Palin blames 'public lies' for Ross rejection

Lawmaker says rumor never came up in floor debate

Posted: Tuesday, April 21, 2009

Gov. Sarah Palin is blaming bloggers and lies for the defeat of her attorney general nominee, who the Alaska Legislature refused to confirm last week.

At her first news conference after the Legislature voted 35-23 to reject Wayne Anthony Ross as attorney general, Palin said the defeat was due to "deliberate misrepresentation" of Ross' statements.

"A great problem was public lies were told about Mr. Ross," she said.

Palin declined to say whose lies undermined Ross, citing the blogosphere and e-mails from members of the public.

Ross, long a controversial and flamboyant figure in Alaska public life, came to the job with a history that included statements critized by Alaska Native organizations and women's groups.

Palin, though, said lies about Ross that were tough to refute in a timely manner led to the rejection.

"He very easily and accurately refuted the lies told about him, but once a bell is rung, really tough to un-ring a bell," she said.

Ross, who Palin said was a champion of gun rights, appeared likely to win confirmation. Then, just a few days before his confirmation vote, Ross became involved in the battle over the appointment to Juneau's Senate seat.

Ross backed Palin's decision to appoint three people to the Senate seat, and then told legislators not to get "bogged down on technicalities" because the law said a single person should be appointed. The Legislature should simply confirm Palin's favored candidate regardless of the law, he said.

He later denied making those statements, an action some legislators said raised concerns about Ross' veracity and his ability to be an independent voice inside the Palin administration.

Ross had told the Alaska Public Radio Network that "the most important thing that can be done by the Senate is not argue what's legal or illegal but to appoint somebody to represent Juneau."

Rep. Cathy Muñoz, R-Juneau, eventually voted to confirm Ross, but said those last days before the vote led her to reconsider her promise to Palin to back Ross.

Palin said she wouldn't discuss the incident. She said the real problem was the public's lies about Ross.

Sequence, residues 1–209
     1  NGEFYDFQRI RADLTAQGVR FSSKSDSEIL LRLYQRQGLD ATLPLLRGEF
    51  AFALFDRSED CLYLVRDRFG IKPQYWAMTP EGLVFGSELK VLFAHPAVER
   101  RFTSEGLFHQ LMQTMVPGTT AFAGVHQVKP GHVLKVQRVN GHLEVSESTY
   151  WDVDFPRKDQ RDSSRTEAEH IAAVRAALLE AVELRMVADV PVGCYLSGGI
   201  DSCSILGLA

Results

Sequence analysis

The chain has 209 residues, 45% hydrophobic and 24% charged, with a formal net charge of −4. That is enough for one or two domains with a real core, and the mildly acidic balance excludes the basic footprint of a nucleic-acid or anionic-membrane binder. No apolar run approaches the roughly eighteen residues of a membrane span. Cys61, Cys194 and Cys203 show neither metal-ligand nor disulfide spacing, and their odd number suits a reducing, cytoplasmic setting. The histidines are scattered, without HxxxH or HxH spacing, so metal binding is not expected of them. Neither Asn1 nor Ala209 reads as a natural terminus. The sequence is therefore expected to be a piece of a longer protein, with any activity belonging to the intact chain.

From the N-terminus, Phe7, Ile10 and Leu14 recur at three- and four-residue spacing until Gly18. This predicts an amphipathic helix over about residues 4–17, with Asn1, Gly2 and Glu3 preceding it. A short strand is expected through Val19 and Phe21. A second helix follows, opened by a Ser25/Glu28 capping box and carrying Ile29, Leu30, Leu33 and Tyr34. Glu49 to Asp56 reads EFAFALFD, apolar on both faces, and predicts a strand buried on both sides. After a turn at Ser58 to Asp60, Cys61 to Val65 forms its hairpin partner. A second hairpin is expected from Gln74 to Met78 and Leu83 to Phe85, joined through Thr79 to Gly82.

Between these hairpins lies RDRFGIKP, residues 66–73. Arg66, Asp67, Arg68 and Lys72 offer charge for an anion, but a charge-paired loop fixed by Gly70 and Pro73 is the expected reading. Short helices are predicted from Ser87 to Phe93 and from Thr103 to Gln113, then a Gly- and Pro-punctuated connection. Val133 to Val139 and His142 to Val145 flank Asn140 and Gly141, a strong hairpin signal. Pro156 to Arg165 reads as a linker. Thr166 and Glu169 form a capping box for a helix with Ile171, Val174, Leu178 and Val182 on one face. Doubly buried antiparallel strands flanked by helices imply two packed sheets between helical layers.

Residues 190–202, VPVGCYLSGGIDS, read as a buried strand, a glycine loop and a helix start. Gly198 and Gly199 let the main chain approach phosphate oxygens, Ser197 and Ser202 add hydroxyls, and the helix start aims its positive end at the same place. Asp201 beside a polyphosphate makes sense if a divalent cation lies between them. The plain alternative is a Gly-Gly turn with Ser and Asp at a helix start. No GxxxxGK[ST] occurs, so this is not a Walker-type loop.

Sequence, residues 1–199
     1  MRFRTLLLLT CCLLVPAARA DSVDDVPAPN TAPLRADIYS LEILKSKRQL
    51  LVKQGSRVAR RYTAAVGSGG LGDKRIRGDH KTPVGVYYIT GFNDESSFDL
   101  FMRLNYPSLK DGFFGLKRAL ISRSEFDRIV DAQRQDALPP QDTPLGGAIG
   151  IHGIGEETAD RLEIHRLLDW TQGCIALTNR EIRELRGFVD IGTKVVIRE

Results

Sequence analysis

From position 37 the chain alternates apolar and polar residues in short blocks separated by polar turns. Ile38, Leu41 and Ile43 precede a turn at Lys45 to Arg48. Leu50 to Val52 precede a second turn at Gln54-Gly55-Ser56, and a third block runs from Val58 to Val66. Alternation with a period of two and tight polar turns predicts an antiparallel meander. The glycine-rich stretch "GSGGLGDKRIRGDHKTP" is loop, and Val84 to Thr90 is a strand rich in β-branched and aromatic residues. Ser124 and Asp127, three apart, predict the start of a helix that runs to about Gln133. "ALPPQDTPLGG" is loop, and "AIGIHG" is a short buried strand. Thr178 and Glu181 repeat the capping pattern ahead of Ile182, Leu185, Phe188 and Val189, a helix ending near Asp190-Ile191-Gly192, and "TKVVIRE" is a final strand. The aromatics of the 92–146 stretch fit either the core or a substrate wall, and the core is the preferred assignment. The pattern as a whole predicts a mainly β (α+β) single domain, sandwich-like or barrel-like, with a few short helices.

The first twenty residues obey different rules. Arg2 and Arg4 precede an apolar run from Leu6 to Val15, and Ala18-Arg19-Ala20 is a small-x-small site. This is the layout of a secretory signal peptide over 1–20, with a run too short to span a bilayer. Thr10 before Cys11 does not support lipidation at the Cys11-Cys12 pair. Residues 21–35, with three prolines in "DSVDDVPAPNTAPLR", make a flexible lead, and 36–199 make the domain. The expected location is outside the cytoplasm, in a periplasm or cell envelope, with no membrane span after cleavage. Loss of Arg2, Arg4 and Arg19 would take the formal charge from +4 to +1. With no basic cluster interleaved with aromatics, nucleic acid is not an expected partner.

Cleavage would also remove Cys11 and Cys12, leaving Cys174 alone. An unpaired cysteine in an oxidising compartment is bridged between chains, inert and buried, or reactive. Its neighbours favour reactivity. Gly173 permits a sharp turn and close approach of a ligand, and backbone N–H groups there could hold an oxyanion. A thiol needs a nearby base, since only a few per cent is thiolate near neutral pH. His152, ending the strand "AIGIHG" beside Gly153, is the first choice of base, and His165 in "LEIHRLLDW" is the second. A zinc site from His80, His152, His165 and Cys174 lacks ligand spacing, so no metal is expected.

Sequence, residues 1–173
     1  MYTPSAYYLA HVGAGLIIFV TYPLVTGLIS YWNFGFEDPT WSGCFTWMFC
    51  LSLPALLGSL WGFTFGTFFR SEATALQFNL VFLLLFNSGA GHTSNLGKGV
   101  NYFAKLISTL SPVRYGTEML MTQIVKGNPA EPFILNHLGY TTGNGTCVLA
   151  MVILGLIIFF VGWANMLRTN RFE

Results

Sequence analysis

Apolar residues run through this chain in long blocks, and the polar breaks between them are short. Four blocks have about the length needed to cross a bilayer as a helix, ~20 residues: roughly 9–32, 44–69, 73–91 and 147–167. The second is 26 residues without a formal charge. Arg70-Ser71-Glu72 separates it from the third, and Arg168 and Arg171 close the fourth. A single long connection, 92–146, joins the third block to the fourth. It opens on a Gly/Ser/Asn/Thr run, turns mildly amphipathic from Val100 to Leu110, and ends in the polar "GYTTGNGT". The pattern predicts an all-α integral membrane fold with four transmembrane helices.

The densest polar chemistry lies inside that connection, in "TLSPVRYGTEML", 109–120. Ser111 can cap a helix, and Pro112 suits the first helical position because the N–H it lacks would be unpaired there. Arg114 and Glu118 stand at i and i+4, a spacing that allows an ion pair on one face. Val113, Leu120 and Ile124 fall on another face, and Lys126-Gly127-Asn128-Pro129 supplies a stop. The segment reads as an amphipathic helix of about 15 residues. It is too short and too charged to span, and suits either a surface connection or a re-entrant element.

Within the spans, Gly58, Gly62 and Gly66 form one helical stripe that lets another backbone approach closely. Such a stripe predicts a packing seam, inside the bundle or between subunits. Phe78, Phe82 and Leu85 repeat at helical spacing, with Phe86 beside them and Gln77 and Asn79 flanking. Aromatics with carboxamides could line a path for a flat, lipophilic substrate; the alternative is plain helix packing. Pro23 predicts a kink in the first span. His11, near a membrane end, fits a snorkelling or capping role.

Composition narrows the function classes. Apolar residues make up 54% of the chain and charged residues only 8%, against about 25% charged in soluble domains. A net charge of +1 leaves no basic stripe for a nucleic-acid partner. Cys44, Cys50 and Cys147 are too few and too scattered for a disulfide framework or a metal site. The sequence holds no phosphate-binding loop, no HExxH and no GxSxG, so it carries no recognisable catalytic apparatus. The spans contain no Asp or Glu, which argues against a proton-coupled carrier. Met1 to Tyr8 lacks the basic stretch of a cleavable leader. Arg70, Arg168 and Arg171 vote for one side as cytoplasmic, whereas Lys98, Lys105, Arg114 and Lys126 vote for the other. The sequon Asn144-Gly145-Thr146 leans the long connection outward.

The one example she cited was "he being engaged in a machine gun shoot on somebody's property down in Seward, and there were witnesses to such a thing, and he'd never been there," she said. "That's just one example."

Sen. Hollis French, D-Anchorage, is a former assistant attorney general who led the fight against Ross on the floor of the Legislature. He questioned whether anyone had heard the Seward machine gun allegation at the time.

"I don't believe I knew anything about that, and it certainly never came up in floor debate," French said.

A Google search of news and blogs turned up no relevant mentions of Wayne Anthony Ross, Seward and machine guns prior to the vote.

Palin said the rejection of Ross was a setback for the state's top law enforcement officer following the resignation of former Attorney General Talis Colberg.

"We don't need to rehash what he went through; you all know what he went through," she said.

Colberg, on behalf of Palin, resisted legislative subpoenas for several state employees involved in the Troopergate inquiry last fall. They, along with Todd Palin, were found in contempt by the Alaska Senate in February, and Colberg resigned four days later.

Palin said that Richard Svobodny, deputy attorney general for the Criminal Division, will serve as acting attorney general until a new appointment is made.

• Contact reporter Pat Forgeyat 523-2250.

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